Review: Postmodern Jukebox showcase vintage takes on modern hits

PMJ, officially known as Scott Bradlee’s Postmodern Jukebox, roared into Birmingham’s O2 Academy on Saturday 2nd March.

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Evoking the smoky spirit of a New York City basement bar, a rotating bill of four vocalists were backed by a tightly rehearsed six-man band to rework contemporary hits and cult classics.

Starting off the show slightly behind schedule, the show was opened by host and performer LaVance Colley with Bruno Mars’ ‘That’s What I Like’, quickly kick-starting the six-strong backing band into their retro vibes. Trombone, saxophone, drums, guitar, piano and upright bass players were all dressed in classy suspender-shirt combos, flanked by a silver crushed velvet backdrop – such was the authenticity of the night.

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We were then introduced to Hannah Gill, and a fabulously smoky and seductive take on ‘The Ballad of Mona Lisa’ by Panic! At The Disco, who then gave way to Tia Simone, a ferocious storm of a voice – and PMJ’s take on ‘I Will Survive’, mournful, then doo-wop style mid-song. The roster swirled around again for us to meet Olivia Kuper Harris, hair in curlers for authenticity, and Maroon 5’s ‘Sunday Morning’ re-worked with idiosyncratic doo-wop backing. All the front-people thus-far commune for ‘Forget You’ by CeeLo Green, echoing the unwaveringly polite spirit and considerate nature of PMJ’s performances. It’s at the culmination of this song that LaVance’s otherworldly falsetto, the highest in pitch of any performer in the room, evokes screams of sheet delight from the crowd, already blurry-eyed from the O2 Academy’s shelter on a Saturday night storm.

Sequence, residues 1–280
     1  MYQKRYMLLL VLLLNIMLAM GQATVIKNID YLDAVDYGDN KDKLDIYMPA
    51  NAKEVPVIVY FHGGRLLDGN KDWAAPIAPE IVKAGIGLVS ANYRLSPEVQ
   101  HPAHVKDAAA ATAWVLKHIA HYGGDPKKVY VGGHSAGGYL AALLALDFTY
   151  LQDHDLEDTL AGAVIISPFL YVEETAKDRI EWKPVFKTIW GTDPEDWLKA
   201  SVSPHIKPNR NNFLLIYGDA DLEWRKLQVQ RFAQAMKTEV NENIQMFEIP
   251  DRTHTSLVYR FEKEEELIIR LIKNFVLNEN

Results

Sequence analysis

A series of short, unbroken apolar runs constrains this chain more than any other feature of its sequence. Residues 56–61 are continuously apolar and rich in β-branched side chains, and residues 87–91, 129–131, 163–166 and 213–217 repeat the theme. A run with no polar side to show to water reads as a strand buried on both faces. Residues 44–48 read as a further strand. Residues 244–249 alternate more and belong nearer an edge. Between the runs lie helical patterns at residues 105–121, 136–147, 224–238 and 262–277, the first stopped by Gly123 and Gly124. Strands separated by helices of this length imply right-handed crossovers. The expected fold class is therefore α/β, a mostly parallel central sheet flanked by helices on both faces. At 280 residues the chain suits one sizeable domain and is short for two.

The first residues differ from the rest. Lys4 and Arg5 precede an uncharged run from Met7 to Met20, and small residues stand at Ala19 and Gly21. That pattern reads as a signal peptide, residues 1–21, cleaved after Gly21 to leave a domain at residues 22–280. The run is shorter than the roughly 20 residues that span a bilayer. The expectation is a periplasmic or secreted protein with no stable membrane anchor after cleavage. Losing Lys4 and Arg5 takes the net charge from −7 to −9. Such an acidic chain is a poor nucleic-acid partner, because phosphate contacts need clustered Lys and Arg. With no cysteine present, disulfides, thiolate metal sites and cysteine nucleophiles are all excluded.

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Bringing a sense of sincere solemness to the room, crystal-white lights don Ms. Harris for David Bowie’s ‘Life on Mars’, her vocalised trumpets at tug-of-war with the real thing, to the audience’s accidental amusement. The room is now physically as smoky as the Manhattan clubs that inspired it.

Jet’s ‘Are You Gonna Be My Girl’, Metallica’s ‘Nothing Else Matters’ and ‘Africa’ by Toto were re-hashed and carefully remixed with flashy tempo changes, sky-high sax solos and big-band raucousness, and even an instrumental interlude of ‘Seven Nation Army’ kept the show pulsating along.

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A break allowed for the crowd to get slightly more tipsy, before rushing back to the front barrier for ‘Bad Romance’ by Lady Gaga, ‘Habits (Stay High)’ by Tove Lo and ‘Last Friday Night’ by Katy Perry.

Further reworks included Portugal, The Man’s ‘Feel It Still’ and ‘Halo’ by Beyonce – the latter undoubtedly got the most enraptured reaction of the entire setlist – as well as ‘All About That Bass (Meghan Trainor), ‘My Heart Will Go On’ Céline Dion), ‘Creep’ (Radiohead) and ‘What Is Love’ by Haddaway.

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Listing the songs in a group shouldn’t imply that they were similar; each track was given its own personality and unique take, flitting between ballads, 50’s Diner jukebox hits, and a bucketload of charisma and charm from a splendid group who love what they do, and show it well.

Photographs by Paul Reynolds

Declan Bowring

Gig and album reviewer + culture writer, celebrating the best of music and events happening throughout our city.